At the Flanders’ house. Oh, my god, they did become Zombie Simpsons!

AirdateJanuary 9th, 2000

Written By: Carolyn Omine’s

PlotA trip to the Mount Embolism ski resort goes awry not when Homer takes several mounds of snow to the groin, or when Homer gets incinerated, or Lisa gets threatened by deer, but when Marge takes a cuckoo clock to the leg. With Marge laid up in the hospital, Lisa tries to tackle domestic duties. However, the silliness of Homer and Bart wind up driving her to the brink of sanity.


Before I begin, we must take note of the fact that this was the first episode to air in the new millennium, depending on how you define the term.

The Mike Scully era of The Simpsons has become infamous for often stretching the definition of realistic plotting even further than the show’s classic era did. This is a combination of making the weirdness too central to the plot, as well as the eradication of the show’s other virtues (such as pacing and character development).

However, this does not mean that everything associated with the Scully Era is necessarily bad. In fact, sometimes, the show’s weirdness has hit a certain point where I actually do like it, or at least, am willing to tolerate it because the episode had other interesting or decently-executed elements. There was “Maximum Homerdrive”, “Guess Who’s Coming to Criticize Dinner”, and the most recent review, “Grift of the Magi”. All of those episodes went above and beyond the silliness of the classic era, yet still had a decent father-son plot, intriguing critique on the art of critique (and a realistic Homer), and a scathing satire on private education and the commercialization of Christmas.

Now, though, we get an episode that actually seeks to enter a more down-to-earth plot. “Little Big Mom” reverts the show back to the immediate family and their interactions with one another. The big question is, can this episode keep the silliness toned down and follow through with a tight, down-to-earth plot?

Spoiler alert – not really. Continue reading

Scullyfied Simpsons: “Hello Gutter, Hello Fadder” (Season 11, Episode 6)

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“Mr. Simpson bowled a perfect game without the aid of steroids, crack, angel dust, or the other narcotics that are synonymous with pro-bowling.” – Edna Krabappel. You heard her, kids – stay off drugs, you’ll get your 15 minutes of fame. (Hey, better than nothing… I guess.)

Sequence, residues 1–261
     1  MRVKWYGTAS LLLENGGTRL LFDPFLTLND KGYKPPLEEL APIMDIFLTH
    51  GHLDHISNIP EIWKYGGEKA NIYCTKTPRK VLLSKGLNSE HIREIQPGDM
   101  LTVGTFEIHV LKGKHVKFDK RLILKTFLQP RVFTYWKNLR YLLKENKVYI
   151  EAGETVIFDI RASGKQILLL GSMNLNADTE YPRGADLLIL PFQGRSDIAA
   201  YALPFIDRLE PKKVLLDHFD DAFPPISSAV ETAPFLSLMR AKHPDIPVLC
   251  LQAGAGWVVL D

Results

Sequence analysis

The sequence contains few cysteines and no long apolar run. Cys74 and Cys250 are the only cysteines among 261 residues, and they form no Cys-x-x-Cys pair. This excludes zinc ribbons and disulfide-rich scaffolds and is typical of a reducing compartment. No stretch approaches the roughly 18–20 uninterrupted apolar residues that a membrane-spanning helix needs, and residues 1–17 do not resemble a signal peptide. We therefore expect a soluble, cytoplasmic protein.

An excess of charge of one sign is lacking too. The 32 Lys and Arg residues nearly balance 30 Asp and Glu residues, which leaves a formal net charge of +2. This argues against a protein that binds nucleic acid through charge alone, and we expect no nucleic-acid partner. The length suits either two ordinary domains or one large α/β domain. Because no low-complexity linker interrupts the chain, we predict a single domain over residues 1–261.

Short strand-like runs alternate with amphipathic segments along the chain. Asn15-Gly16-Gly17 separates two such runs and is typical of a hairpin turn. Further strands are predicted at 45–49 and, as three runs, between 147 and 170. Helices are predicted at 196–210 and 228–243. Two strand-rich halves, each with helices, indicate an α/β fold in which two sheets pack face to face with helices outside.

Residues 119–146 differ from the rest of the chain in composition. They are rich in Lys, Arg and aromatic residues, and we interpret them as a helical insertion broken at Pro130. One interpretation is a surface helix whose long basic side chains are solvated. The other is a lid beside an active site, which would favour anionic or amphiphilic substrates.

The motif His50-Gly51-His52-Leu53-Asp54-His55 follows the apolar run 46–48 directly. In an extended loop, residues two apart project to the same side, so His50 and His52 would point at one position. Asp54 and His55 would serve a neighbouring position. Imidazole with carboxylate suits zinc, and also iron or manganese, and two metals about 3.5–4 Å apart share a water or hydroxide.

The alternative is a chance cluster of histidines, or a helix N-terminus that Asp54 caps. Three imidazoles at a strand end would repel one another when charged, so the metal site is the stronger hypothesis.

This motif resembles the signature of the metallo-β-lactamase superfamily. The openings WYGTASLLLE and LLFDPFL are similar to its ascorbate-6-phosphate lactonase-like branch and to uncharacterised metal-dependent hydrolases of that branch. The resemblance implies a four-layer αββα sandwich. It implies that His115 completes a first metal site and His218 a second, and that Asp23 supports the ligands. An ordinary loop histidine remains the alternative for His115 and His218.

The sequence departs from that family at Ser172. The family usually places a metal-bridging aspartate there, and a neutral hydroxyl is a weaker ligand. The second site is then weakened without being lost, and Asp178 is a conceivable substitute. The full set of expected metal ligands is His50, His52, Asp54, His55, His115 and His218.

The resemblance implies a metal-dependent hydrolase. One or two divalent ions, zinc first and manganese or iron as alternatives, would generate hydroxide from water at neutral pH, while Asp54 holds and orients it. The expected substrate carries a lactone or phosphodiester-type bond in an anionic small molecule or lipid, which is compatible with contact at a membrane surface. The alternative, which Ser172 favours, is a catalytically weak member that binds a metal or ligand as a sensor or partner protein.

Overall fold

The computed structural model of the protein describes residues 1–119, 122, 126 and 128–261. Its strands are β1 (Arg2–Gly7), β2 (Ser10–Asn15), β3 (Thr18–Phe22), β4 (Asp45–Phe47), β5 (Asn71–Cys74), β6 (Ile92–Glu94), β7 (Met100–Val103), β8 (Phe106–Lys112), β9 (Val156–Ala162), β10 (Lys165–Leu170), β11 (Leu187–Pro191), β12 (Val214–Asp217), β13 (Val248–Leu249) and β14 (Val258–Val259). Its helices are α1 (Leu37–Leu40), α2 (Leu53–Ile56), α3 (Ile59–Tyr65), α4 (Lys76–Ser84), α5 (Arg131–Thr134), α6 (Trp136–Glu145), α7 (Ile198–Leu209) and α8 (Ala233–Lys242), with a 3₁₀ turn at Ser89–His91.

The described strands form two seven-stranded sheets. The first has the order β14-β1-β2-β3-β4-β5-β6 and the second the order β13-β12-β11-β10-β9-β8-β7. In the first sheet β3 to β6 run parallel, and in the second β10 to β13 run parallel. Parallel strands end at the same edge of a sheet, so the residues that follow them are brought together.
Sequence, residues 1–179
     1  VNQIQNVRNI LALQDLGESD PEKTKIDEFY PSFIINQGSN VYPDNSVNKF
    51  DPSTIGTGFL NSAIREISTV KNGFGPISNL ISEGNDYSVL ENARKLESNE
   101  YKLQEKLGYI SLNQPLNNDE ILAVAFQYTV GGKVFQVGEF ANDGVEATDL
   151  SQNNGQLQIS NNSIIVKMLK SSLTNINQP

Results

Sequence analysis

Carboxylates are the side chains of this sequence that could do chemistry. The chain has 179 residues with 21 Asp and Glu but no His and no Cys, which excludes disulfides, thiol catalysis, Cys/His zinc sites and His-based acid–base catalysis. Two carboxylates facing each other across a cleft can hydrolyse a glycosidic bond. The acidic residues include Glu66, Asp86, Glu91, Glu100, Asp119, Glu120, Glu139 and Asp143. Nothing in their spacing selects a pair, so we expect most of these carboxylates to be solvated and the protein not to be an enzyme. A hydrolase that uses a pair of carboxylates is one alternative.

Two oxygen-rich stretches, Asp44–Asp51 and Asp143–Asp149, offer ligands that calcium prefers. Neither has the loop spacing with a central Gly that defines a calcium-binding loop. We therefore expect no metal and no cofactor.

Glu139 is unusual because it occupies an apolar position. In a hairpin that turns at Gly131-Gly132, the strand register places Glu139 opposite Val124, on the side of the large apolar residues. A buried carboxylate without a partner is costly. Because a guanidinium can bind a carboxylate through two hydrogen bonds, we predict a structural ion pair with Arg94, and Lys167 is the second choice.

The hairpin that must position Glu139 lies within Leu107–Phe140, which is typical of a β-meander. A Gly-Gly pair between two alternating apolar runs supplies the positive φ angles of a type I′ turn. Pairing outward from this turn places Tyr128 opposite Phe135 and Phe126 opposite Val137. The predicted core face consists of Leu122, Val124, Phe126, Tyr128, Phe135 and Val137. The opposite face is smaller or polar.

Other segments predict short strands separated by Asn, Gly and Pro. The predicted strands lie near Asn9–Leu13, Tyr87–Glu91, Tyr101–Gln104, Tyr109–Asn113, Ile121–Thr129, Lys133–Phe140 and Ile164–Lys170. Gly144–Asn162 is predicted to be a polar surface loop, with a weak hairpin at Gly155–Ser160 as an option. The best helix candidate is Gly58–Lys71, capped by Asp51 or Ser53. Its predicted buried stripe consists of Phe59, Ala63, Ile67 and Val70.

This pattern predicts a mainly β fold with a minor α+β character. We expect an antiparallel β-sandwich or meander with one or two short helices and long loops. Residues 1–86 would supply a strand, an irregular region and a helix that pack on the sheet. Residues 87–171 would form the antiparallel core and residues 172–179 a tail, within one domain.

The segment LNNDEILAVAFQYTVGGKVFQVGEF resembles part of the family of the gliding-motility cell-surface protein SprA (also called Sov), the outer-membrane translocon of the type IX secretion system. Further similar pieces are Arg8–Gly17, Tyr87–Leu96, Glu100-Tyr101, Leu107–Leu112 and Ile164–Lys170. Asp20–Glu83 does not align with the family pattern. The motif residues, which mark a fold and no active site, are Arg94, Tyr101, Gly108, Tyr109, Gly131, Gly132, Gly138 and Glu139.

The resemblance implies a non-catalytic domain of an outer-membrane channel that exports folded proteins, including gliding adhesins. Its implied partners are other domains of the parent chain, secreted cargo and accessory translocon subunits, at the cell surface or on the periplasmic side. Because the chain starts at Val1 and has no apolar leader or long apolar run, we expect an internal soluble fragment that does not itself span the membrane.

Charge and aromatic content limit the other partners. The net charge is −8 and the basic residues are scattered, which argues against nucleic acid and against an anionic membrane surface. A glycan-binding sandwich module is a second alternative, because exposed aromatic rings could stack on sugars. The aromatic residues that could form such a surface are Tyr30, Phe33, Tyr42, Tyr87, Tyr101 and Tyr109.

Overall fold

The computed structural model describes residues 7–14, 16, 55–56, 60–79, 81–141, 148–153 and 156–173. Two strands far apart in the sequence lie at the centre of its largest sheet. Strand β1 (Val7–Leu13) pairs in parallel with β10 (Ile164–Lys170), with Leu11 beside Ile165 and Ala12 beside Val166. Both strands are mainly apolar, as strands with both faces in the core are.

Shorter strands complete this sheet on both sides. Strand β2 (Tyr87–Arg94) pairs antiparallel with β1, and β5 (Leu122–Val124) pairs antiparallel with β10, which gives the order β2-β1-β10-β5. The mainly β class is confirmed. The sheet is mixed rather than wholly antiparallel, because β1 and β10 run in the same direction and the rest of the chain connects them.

Airdate: November 14th, 1999

Written By: Al “Recession-Proof” Jean

Plot: Homer’s most recent attempt to brush off a rough day at work (which involved being told to eat toxic waste) not only proves successful, it nets him a perfect game at the Bowl-O-Rama. His accomplishment nets him a brief dip into local fame. However, ego gets to his head (again), and when his fifteen minutes are up, he’s left in something of an existential crisis.


It was pop artist and professional Soup Can icon Andy Warhol who infamously remarked that everybody has their “fifteen minutes of fame” – they enter the public consciousness for some reason for a brief period or something, and then they move on to the next unlucky victim.

Being as wide-reaching as it is, The Simpsons has touched on these topics before, notably in Season 5 – “Homer’s Barbershop Quartet” took on the concept by throwing four of Springfield’s most notable adult males and mixing it in with one of the best Beatles satires of all time, while “Bart Gets Famous” took on the art of the catchphrase and how it turns people into shooting stars, sending them high only to carry a huge burnout factor. They were insightful, funny, brilliant, tightly plotted, all that jazz.

Six years later, we got “Hello Gutter, Hello Fadder”… which is not really any of those things. At all. Continue reading

Scullyfied Simpsons: “E-I-E-I-D’oh!” (Season 11, Episode 5)


“That’s pretty clever, Dad. I mean, for a product that’s evil and deadly!” – Lisa, trying her hand at marketing criticism. Hey, she was a food critic, sort of.

Airdate: November 7th, 1999
Written ByIan Maxtone-Graham
Plot: Homer’s newfound penchant for declaring duels to get what he wants ends badly, when a Southern Gentleman takes up on his offer. Facing a duel by pistol, he and the family skip town and become farmers. Initially unsuccessful, they wind up tapping into an untapped market, thanks to some tobacco seeds, some tomato seeds, and radiation.


Over the past few seasons, The Simpsons has slowly embraced weirder, more outlandish elements in their plots. While there was always a cartoonish aura to the show, most of these elements in the first eight seasons were there for a quick joke, particularly in the David Mirkin era. Suddenly, with the Mike Scully Era taking hold, entire plots began shifting in the third act to a more cartoonish climax – ironically, as the animation became more stolid, and as the rest of the writing skills (characterization, plot development) began flatlining.